Ripping 3D movies

Discussion in '3DS - Games & Content' started by pachura, Aug 25, 2010.

Aug 25, 2010

Ripping 3D movies by pachura at 5:44 PM (2,672 Views / 0 Likes) 10 replies

  1. pachura
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    Member pachura GBAtemp Advanced Fan

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    I was wondering whether it could be technically possible to rip 3D movies and view them on 3DS ?

    Can you normally buy 3D Blurays in stores nowadays and watch them on your 3D-ready TV ?

    How are these movies encoded - do they use colors (then it would be impossible) or two completely seperate frames (then it could be possible, provided the angle between the two pictures is the same in 3DS)...
     
  2. DigitalDeviant

    Member DigitalDeviant GBAtemp Addict

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    concerning the first question anything technical about the 3DS is mere speculation.

    on the other hand making blu ray rips of 3d movies sound interesting but not sure if it would work. It would have to be tried with a blu-ray player that accepts video files (via usb?) and then outputted to a 3d screen.
     
  3. FAST6191

    Reporter FAST6191 Techromancer

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    +1 to the mere speculation thing.

    However 3d at the core of it all is very simple and very well known- you broadcast two slightly different images to each eye which can be done in many ways ( http://darkfader.net/3dstereo/ covers a bunch of them in brief). It will probably take a minor bit of fiddling on the part of the encoder depending on the 3d method you are ripping from (the 3ds uses a less common method of displaying 3d images compared to "mainstream" modern 3d) but nothing drastic.

    My conclusion technically possible but whether Nintendo will lock down the system against it (see Sony crippling the stock PSP somewhat vs UMD resolutions) or afford reasonable methods (see use of motion JPEG on the wii) is a different matter entirely. 3d is not exactly big in the consumer realms either as far as cameras go so that might be another reason for certain companies to lean on certain people.
     
  4. spiritofcat

    Member spiritofcat GBAtemp Advanced Fan

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    3D movies for 3D TVs use two images per frame, one for the left eye and one for the right eye.
    That's the same thing that the 3DS uses, so yes, I'd say that technically it would be possible, all the required data is tehre, it's just a matter of someone coming up with a method of copying the frames and getting them to be displayed on the 3DS.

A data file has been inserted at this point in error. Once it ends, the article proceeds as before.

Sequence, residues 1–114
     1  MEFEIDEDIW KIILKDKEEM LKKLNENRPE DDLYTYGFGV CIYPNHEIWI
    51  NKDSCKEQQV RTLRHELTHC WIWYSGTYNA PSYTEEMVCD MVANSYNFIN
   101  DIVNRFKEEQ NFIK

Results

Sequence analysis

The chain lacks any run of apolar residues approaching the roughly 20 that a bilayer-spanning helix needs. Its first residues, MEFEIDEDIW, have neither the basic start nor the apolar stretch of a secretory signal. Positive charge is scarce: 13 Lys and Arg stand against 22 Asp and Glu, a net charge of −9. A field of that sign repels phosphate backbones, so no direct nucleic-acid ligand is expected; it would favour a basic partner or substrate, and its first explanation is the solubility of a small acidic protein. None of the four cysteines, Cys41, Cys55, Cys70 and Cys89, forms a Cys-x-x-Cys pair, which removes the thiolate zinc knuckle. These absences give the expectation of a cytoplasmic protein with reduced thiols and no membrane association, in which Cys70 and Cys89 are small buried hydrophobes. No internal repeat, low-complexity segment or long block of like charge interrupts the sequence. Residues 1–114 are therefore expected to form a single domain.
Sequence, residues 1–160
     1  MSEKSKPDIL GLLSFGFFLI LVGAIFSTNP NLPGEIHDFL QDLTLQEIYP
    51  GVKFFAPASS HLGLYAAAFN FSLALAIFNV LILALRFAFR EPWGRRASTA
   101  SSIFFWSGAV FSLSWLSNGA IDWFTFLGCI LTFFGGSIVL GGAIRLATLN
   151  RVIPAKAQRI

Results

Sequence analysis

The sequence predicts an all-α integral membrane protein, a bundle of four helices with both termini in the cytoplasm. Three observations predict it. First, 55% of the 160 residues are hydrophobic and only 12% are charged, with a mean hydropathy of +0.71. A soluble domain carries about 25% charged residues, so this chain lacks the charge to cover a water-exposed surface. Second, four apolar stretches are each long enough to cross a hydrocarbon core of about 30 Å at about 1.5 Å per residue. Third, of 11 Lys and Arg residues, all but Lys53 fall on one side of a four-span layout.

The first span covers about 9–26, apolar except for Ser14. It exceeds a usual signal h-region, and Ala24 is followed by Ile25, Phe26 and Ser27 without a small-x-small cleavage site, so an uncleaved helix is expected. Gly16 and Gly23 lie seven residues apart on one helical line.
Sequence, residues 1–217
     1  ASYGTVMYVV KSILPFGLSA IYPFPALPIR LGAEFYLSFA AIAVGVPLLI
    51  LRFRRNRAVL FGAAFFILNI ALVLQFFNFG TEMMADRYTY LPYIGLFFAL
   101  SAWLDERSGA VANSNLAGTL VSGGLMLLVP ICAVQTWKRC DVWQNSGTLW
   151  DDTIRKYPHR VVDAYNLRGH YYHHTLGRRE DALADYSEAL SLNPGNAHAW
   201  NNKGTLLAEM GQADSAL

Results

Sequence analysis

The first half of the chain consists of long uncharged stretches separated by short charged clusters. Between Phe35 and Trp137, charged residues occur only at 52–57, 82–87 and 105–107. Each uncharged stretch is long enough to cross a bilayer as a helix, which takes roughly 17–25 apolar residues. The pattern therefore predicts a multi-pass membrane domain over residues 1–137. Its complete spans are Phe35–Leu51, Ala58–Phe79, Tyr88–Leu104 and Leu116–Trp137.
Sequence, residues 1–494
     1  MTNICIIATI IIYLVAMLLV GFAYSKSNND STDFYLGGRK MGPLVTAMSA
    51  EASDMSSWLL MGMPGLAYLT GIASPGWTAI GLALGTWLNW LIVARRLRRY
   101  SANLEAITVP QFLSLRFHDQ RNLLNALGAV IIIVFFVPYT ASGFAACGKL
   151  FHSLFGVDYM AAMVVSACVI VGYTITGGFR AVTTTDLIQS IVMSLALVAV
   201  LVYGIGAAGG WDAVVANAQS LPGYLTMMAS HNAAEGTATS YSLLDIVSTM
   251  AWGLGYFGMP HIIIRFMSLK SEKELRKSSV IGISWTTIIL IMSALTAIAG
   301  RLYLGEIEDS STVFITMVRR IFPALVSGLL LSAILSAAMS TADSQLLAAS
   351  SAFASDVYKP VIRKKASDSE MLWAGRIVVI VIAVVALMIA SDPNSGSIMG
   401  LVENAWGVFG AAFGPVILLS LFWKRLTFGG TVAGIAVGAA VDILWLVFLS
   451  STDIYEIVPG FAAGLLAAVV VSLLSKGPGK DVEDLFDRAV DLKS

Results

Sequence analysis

5. pachura
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    Member pachura GBAtemp Advanced Fan

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    Everyone knows that. The question is: how are these two frames encoded ? For instance, in some cinemas I've been to, both images are mixed into single frame using slightly different colors, and you watch the movie through colored glasses. (Not the shitty ones from 90s, but not truly polarised). If this is the case with 3D DVDs/3D Blurays/whatever, then there's no chance for ripping them to be watched on 3DS. Also, the angle between images for both eyes can be different on 3D DVDs/3D Blurays/whatever and on 3DS, which would again render ripping to 3DS impossible.
     
  6. dsfanatic5

    Member dsfanatic5 Team ICO Freak

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    First, someone is going to have to find a way to play any video files back on the 3DS, before they can even begin to think about 3D video. I'm guessing the 3D movies on the 3DS are going to release in cartridge form, so when the 3DS is hacks, and games are dumped, so will the 3D movies. Maybe then, someone can decode the file and figure out which format the videos are. Considering the DS(Lite) uses the strange .dpg format for video, I wouldn't be surprised if the 3DS format is something very unique.

    If someone were to rip a 3D Blu-Ray, they'd obviously have to have a BD drive and software, but most everyone would wait until the rip is available for download anyways. This whole idea is interesting, but it would be more likely that 3DS owners would be downloading "official" 3D movie releases, and playing them on a flashcart in the far future.
     
  7. pachura
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    Member pachura GBAtemp Advanced Fan

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    Agree.
     
  8. foob

    Member foob GBAtemp Fan

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    Good info, so my thoughts that Nintendo didn't license anything from the MPEG group for its portables seems to be true.

    Nintendo know how to save yen! ?
     
  9. spiritofcat

    Member spiritofcat GBAtemp Advanced Fan

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    All the 3D TVs that I've seen work by showing left frame, right frame, left frame, right frame, etc. And having glasses that black out each eye in turn so that each eye gets the correct frame as it is displayed.
     
  10. FAST6191

    Reporter FAST6191 Techromancer